Edwards partners with Colorado State to tag and track wildlife.

Have you ever seen a bobcat or a coyote wandering around Edwards Air Force Base?

Well, there is a group from Colorado State that is helping to track and tag the wildlife to help change from wildlife conflict between humans to co-existence.

Although bobcats and coyotes perform crucial roles in nature, notably in the formation of natural food webs, their presence in regions where humans and pets dwell can lead to problems.

A bobcat is tagged at Edwards Air Force Base, Calif. Edwards is partnering with Colorado State University to tag and track wildlife on base. This information will be used to develop a wildlife management plan to guide educational outreach. (Air Force photograph by Adam Bowles)

For example, in 2016 an aggressive bobcat attacked several small dogs in base housing.

According to the Colorado State University Center of Environmental Management of Military Lands, CEMML, through knowledge, research, and education, interactions between humans and wildlife can change from conflict to coexistence.

At Edwards, little is known regarding bobcat and coyote activities, especially in regions where wildlife zones meet public areas. In order to raise awareness of coyote and bobcat movements and the resources they utilize, CEMML will track these creatures that dwell near public locations on base such as schools, commercial, housing, and play spaces.

“So basically what we are out here trying to do is we’re trying to understand how carnivores are using the Air Force installation and the purpose of that is to help reduce potential conflict between the base population and the wildlife that are out here,” said Jennie Anderson, CEMML, Environmental Management.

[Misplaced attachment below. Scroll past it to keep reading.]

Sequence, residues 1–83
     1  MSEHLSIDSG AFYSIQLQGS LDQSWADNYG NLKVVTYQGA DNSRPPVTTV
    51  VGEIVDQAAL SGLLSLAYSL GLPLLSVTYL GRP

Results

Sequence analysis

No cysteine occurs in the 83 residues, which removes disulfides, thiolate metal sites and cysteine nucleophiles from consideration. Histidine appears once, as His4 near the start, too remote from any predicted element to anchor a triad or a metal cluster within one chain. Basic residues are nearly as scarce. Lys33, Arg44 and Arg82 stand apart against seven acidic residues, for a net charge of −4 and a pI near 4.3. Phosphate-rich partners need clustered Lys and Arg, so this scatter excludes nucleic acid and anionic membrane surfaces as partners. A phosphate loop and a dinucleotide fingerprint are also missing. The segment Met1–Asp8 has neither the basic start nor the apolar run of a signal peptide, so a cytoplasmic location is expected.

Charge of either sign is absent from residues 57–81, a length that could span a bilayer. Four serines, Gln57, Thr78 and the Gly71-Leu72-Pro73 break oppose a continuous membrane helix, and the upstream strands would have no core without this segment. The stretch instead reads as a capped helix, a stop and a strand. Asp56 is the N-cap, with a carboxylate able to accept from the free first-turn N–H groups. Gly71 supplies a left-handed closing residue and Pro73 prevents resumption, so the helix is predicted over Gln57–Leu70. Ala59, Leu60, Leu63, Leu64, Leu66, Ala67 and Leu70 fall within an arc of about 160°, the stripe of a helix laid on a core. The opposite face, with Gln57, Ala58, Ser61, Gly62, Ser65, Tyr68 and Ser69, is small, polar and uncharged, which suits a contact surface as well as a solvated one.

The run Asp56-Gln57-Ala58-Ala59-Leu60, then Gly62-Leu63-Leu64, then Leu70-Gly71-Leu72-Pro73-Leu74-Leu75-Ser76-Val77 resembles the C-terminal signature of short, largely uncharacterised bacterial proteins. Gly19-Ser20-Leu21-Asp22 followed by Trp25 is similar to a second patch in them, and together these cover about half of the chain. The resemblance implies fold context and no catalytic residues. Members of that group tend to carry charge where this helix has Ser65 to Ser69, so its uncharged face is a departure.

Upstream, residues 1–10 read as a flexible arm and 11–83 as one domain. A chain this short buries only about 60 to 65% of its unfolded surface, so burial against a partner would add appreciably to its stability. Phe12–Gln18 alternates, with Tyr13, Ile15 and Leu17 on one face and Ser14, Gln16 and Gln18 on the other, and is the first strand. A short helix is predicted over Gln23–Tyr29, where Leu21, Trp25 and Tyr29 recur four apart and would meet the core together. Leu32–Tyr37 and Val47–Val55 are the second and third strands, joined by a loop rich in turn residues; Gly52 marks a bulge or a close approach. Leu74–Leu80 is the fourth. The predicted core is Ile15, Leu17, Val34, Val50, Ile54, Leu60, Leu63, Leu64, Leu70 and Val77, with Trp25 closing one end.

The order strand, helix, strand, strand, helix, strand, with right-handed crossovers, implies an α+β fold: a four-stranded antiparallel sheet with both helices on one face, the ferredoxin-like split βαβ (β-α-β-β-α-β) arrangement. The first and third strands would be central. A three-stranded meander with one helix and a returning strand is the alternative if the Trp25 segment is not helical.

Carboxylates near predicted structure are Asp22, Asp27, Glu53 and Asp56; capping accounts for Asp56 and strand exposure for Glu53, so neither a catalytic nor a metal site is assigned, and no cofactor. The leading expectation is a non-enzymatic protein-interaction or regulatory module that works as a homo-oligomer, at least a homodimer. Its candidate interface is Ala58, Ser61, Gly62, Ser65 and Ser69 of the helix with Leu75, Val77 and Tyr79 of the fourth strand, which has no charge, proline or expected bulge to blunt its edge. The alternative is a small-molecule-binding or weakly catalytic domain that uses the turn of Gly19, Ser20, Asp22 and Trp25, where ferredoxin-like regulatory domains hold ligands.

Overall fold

Ten bobcats and ten coyotes living near developed areas on base will be caught and fitted with temporary GPS collars that will track their movements via satellite for up to a year before dropping off naturally, according to CEMML. The animals must first be sedated for a short period of time.

“So the medications we are using are a sedative. They are not that strong,” Steven Nagy, CEMML, Wildlife Biologist said. “That’s obviously beneficial; it’s an easier drug for the animal to handle and they can wake up a lot faster. Also, with these particular medications we have reversal medications which allows us to wake them up within a few minutes so they can get back to their normal lives a lot faster.”

Volunteers collect tracking data at Edwards Air Force Base, Calif. The base has partnered with Colorado State University to tag and track wildlife on base. (Air Force photograph by Adam Bowles)

Colored ear tags and dyed hair markings will also be applied to collared bobcats and coyotes, so that individual animals may be more clearly identified. The data gathered will reveal which areas bobcats and coyotes prefer, as well as the resources they value, such as food and water. This data will be utilized to create a management strategy and to direct educational outreach.

“We have signs that close off trails and other areas just so we can trap and if we catch an animal in that area we will probably move to another area, close it off so we can get animals around the whole urban area,” Adam Dillion, CEMML, Wildlife Ecologist explains.

For more information on this project, contact Edwards AFB Environmental Management:

661-277-1401 Ext. 3, or visit: sites.warnercnr.colostate.edu/eafbcarnivores

Members of the Edwards Air Force Base, Calif./Colorado State University team look for wildlife at Edwards. (Air Force photograph by Adam Bowles)
A sedated bobcat is checked out before being tagged and released at Edwards Air Force Base, Calif. (Air Force photograph by Adam Bowles)
Edwards Air Force Base, Calif., has closed areas of the base as part of a wildlife tag and track program, coordinated by the base and Colorado State University. (Air Force photograph by Adam Bowles)
Members of the Edwards Air Force Base, Calif./Colorado State University team confer about the project to track and tag wildlife on base. (Air Force photograph by Adam Bowles)

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